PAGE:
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Oxford Public Ledger

April 13, 1894

 

Old Granville History

 

Some Interesting Recollections

of Judge Henderson and Jno.Williams

 

 

Granville county has had some distinguished sons that are entitled to great renown on the pages of history; but none are entitled to more fame for intellectual powers and trauscendant abilities than Judge Richard Henderson, Judge Leonard Henderson and Judge John Williams. They were not only men of great mental powers but possessed great strength of character and nobility of soul.

 

We therefore transfer the following extract from a Washington correspondent with much pleasure, and commend its perusal to all of our readers:

 

The ancestral home of Hon. Hoke Smith’s maternal progenitors is Montpelier, Granville county, NC. It was built prior to the Revolutionary war by Judge John Williams, the great-grand-father of Mary Brent Hoke, who married Professor Smith, of New Hampshire, the father of the secretary.

It is one mile from Williamsboro, one of the three post towns in North Carolina during the war of the Revolution. Montpelier is approached by an avenue a mile long cut through primeval forest of giant oaks. This avenue is wide enough for four carriages to drive abreast down its entire length. It is perfectly straight, and the view of the old house in the large lawn, about the size of Franklin square, is very imposing.

 

The house is built of heart of the pine, but is finished inside with hand-carved oak. The drawing room and library open on a central hall, as wide as the average Washington house. The ball room on the second story is nearly large as the East room of the White House. The hedge of the ancient box trees, in which Mrs. John Williams hid her silver from Lord Tarleton’s troops, is still standing. Across the hall from the ball room, which is triangular-shaped bed room, which is said to be haunted by ghost of reckless son of the house of three generations past, who met with an untimely and unnatural death. This room overlooks the Old family burying ground, and there are strange noises to be heard coming from the graveyard when the wind is in a certain direction. They probably come from the limbs of a tree which strike the tall Carara marble monument of Agatha Williams Burton the beautiful only daughter of Judge Williams and great-grand-mother of Hon. Hoke Smith. The poorer white people and the Negroes do not accept this solution of the “ghost: however and many of them assert to this day that they have seen lights burning in the haunted room when Montpelier’s ghost is as fixed an institution among these people as the pension roll is at the Interior Department.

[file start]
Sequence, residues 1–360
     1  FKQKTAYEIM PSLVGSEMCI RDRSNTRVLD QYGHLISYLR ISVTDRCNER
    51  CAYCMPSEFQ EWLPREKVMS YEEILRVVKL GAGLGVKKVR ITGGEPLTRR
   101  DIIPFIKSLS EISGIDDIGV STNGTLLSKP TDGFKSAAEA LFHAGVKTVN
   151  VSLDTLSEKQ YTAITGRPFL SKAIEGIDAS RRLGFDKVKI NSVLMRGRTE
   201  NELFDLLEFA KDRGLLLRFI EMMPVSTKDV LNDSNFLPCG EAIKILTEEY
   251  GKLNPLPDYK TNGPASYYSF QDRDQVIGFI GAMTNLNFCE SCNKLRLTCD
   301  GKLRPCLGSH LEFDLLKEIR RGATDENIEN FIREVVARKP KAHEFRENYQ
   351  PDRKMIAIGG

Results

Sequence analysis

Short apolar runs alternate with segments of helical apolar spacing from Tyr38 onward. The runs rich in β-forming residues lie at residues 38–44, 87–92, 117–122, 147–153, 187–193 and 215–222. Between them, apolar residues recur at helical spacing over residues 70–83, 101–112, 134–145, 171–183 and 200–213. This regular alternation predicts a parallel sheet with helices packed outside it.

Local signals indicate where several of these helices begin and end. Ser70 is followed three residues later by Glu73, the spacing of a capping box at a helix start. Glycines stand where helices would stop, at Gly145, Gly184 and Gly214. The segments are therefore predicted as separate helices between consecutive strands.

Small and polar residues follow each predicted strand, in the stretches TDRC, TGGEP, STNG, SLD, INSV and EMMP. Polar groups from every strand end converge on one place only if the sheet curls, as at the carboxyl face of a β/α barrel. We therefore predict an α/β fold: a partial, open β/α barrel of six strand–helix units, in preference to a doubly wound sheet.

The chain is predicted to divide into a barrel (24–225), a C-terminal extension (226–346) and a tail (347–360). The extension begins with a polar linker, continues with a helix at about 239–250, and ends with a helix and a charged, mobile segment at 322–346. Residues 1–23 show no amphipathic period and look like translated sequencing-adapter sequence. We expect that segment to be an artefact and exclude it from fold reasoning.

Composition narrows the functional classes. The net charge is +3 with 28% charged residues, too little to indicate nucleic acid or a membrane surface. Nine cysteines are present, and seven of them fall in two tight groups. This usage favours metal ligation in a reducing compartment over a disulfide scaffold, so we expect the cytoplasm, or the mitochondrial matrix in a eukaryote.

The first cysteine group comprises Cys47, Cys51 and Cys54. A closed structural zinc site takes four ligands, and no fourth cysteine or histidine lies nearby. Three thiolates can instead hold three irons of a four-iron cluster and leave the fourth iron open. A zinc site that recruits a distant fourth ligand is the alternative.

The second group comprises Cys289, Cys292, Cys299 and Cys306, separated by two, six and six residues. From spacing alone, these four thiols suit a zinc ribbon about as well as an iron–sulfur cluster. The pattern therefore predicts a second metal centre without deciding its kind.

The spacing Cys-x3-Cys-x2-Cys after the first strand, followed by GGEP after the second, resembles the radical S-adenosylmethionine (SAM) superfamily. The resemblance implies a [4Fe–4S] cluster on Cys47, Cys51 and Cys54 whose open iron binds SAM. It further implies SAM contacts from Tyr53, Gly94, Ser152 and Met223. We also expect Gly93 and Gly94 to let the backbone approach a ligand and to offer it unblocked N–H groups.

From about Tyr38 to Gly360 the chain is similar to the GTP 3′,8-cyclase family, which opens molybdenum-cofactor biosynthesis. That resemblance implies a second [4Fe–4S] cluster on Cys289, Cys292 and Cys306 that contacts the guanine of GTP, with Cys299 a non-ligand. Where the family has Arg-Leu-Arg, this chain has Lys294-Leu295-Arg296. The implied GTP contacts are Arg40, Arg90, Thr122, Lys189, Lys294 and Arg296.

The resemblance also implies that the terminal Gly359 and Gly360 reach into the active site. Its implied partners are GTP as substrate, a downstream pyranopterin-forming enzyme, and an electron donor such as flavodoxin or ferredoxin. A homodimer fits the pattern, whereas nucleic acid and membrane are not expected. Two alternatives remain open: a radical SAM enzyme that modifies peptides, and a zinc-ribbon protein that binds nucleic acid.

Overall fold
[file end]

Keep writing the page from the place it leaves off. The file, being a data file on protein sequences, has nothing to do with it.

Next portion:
In this old graveyard is the unmarked grave of chief Justice Leonard Henderson, the father of President Andrew Johnson. When Andrew Johnson was President he was invited to Raleigh to unveil the monument which some of the citizens of the state saw fit to erect to the memory of an estimable tailor, who was the husband of President Johnson’s mother. Andrew Johnson went, but referred to him as “my reputed father.” He, aw well as the friends and descendants of Chief Justice Henderson has called my attention to the strong resemblance between the family portrait of Chief Justice Henderson and the picture of Andrew Johnson. The monument paid for by the State of North Carolina marks the worthy tailor of Johnson’s grave at Raleigh, but a heavy stone, which was pointed out to me wit the request that I should remember the spot “in case future generations should care to mark the grave of the distinguished Chief Justice is the only headstone to show where the father of Andrew Johnson rests. Mrs. John Williams was the sister of Judge Richard Henderson, the father of Chief Justice Henderson. Henderson and Henderson, Ky., and various other towns in the south named for Judge Henderson and his numerous descendants, nearly all of whom have attained either local or national distinction. The Hon. Archibald Henderson was a brother of Chief Justice Henderson and grand-father of Hon. Steele Henderson now member of Congress from North Carolina and chairman of the Committee of Post offices and Post Roads. --------------

 

 

Note-Montipelier was burned down the first time in 1895 and then rebuilt, - by 1994 that home was burned down.

 

 

 

 

 

 

©2002- 2010 Tina Tarlton Smith and Deloris Williams for the NCGenWeb Project. All Rights Reserved.  No portion of  any document appearing on this site is to be used for other than personal research.  Any republication or reposting is expressly forbidden without the written consent of the owners. Last updated 01/02/2012


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